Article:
Is the Harry Potter franchise’s magic starting to fade? The latest big-screen installment, Fantastic Beasts: The Crimes of Grindelwald, will easily top the box office this weekend, but its opening is coming in slightly below expectations, while also marking the lowest debut yet for a film set in author and screenwriter J.K. Rowling’s wizarding world.
From Friday through Sunday, the Warner Bros. release is on track to sell an estimated $62.2 million in tickets at 4,163 theaters in the U.S. and Canada; it had been forecast to bow in the $65 million to $75 million range. The sequel’s immediate predecessor, Fantastic Beasts and Where to Find Them, opened with $74.4 million in 2016, while the lowest opening for a film in the original Harry Potter series was $77.1 million, for 2007’s Harry Potter and the Order of the Phoenix.
Still, despite mediocre reviews, a decent CinemaScore of B-plus, and a hefty $200 million budget, The Crimes of Grindelwald should be a force at the global box office. Overseas, it will gross an estimated $191 million this weekend, bringing its worldwide total to $253.2 million. (The first Fantastic Beasts went on to earn $814 million worldwide, with foreign sales accounting for more than 70 percent of its haul.)
Written by Rowling herself and directed by wizarding world veteran David Yates, The Crimes of Grindelwald once again stars Eddie Redmayne as “magizoologist” Newt Scamander, who teams up with his former teacher Albus Dumbledore (Jude Law) to thwart the titular dark wizard played by Johnny Depp. The cast also includes Katherine Waterston, Dan Fogler, Ezra Miller, and Zoe Kravitz.
Rowling has previously said the Fantastic Beasts saga, which takes place before the events of the Harry Potter series, will comprise five films.
Also arriving in theaters this weekend are Paramount’s comedy Instant Family, in fourth place with an estimated $14.7 million (on 3,286 screens), and Fox’s heist thriller Widows, in fifth place with an estimated $12.3 million (on 2,803 screens). Both openings are on par with expectations.
Starring Mark Wahlberg and Rose Byrne, Instant Family centers on a couple who decide to start a family and end up adopting not one, but three kids. Reviews have been solid, and audiences gave it an A CinemaScore.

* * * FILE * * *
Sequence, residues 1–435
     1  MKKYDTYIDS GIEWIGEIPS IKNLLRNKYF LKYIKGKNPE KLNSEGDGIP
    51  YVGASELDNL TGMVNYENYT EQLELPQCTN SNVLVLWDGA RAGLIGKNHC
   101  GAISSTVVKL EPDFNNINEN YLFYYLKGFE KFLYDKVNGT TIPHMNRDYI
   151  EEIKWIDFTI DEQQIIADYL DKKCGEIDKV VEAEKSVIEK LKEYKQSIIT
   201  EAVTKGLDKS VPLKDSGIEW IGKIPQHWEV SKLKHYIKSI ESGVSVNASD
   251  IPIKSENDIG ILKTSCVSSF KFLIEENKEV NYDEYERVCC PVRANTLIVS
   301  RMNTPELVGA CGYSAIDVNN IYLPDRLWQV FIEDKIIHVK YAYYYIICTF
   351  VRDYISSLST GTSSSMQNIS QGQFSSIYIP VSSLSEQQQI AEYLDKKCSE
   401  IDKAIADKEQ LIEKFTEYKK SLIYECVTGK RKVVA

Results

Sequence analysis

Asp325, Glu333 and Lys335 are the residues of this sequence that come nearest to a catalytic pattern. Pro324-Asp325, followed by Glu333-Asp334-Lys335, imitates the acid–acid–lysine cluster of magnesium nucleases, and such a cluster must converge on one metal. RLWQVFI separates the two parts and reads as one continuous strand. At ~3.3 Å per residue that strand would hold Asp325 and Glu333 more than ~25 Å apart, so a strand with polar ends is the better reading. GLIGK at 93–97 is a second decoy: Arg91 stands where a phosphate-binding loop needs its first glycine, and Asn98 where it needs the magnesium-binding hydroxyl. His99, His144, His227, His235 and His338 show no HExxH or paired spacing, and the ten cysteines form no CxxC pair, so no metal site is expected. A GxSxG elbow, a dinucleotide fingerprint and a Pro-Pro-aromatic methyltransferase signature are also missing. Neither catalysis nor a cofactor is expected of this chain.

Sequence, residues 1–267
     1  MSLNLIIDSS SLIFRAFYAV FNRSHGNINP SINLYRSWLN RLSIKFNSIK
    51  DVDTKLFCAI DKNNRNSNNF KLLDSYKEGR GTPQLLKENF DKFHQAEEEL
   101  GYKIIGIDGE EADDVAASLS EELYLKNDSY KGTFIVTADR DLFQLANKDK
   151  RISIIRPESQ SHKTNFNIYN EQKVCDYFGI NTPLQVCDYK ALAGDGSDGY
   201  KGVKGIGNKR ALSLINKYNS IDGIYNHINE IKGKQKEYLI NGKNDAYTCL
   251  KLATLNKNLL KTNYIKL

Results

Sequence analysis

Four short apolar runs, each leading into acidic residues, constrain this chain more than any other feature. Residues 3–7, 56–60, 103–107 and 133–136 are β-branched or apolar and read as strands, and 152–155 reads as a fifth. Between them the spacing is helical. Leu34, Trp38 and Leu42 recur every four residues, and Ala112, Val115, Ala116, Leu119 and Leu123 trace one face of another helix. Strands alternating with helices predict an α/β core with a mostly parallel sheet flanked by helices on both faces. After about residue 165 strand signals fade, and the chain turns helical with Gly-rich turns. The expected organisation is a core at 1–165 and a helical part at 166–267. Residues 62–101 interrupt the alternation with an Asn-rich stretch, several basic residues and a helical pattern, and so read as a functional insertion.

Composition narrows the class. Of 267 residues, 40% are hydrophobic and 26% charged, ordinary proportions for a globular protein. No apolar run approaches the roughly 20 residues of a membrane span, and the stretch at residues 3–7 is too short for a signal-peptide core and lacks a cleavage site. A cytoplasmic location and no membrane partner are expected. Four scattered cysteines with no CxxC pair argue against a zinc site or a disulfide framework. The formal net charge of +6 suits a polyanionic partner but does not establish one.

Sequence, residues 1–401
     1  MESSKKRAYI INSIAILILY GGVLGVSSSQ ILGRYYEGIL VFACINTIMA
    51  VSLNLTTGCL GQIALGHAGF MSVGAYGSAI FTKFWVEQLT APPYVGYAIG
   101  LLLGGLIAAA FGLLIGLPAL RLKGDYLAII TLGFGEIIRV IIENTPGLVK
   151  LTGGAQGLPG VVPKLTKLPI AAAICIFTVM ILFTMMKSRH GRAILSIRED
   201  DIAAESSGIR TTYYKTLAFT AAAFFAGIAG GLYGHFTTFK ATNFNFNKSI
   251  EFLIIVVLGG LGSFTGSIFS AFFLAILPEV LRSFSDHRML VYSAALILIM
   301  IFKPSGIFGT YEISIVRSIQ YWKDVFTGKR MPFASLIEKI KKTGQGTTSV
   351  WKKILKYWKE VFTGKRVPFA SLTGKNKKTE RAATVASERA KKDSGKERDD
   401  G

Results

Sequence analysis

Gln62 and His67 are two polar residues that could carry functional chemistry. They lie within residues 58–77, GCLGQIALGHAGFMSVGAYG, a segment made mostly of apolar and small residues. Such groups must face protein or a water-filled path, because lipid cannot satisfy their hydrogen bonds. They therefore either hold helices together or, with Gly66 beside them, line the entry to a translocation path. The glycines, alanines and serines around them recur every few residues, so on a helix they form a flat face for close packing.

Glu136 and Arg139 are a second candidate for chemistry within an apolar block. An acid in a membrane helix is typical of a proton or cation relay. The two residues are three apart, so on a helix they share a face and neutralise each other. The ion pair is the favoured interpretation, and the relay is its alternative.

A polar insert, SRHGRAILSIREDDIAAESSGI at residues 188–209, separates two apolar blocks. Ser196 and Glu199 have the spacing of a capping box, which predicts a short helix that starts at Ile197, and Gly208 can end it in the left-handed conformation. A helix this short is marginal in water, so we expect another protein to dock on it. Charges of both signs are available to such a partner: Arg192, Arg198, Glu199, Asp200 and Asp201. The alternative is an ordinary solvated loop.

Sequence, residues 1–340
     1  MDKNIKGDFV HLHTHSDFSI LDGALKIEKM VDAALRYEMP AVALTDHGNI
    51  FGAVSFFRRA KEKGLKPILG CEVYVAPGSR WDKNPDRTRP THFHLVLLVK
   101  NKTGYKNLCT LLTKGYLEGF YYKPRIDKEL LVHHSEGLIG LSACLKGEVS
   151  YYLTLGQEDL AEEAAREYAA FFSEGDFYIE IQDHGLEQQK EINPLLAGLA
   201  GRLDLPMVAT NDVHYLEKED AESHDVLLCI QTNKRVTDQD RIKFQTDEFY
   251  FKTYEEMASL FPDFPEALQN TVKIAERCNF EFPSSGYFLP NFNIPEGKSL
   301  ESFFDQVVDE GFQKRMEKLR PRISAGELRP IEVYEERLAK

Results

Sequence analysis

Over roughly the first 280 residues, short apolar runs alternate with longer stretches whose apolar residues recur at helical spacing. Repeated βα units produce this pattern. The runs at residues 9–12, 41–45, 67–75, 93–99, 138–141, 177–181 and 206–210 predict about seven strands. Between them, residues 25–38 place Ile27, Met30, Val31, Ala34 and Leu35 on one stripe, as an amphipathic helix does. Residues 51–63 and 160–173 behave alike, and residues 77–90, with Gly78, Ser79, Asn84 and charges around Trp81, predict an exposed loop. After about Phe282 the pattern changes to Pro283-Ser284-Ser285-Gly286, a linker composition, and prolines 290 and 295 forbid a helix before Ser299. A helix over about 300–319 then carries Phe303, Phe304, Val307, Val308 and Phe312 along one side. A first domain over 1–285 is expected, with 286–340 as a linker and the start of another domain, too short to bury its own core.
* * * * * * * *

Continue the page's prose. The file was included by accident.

Widows hails from Oscar-winning filmmaker Steve McQueen (12 Years a Slave, Shame) and Gone Girl writer (and EW alum) Gillian Flynn. It stars Viola Davis, Michelle Rodriguez, and Elizabeth Debicki and tells the story of a group of women who plan a robbery to pay back a crime boss after their husbands are killed on a job. Critics have lauded the film, though moviegoers gave it a B CinemaScore.
Rounding out the top five this weekend are two holdovers: Universal’s animated holiday movie The Grinch, in second place with about $38.2 million, and Fox’s Queen biopic Bohemian Rhapsody, in third with about $15.7 million.
In limited release, Universal’s awards hopeful Green Book, starring Mahershala Ali and Viggo Mortensen, is bowing in 25 theaters with an estimated $313,000 (a per-screen average of $12,520), and CBS Films’ At Eternity’s Gate, starring Willem Dafoe as Vincent van Gogh, is debuting in four theaters with an estimated $92,000 (a per-screen average of $23,000).
Overall box office is up 10.3 percent year-to-date, according to Comscore. See the Nov. 16-18 figures below.
1. Fantastic Beasts: The Crimes of Grindelwald — $62.2 million
2. The Grinch — $38.2 million
3. Bohemian Rhapsody — $15.7 million
4. Instant Family — $14.7 million
5. Widows — $12.3 million
6. The Nutcracker and the Four Realms — $4.7 million
7. A Star Is Born — $4.4 million
8. Overlord — $3.9 million
9. The Girl in the Spider’s Web — $2.5 million
10. Burn the Stage: The Movie — $2.3 million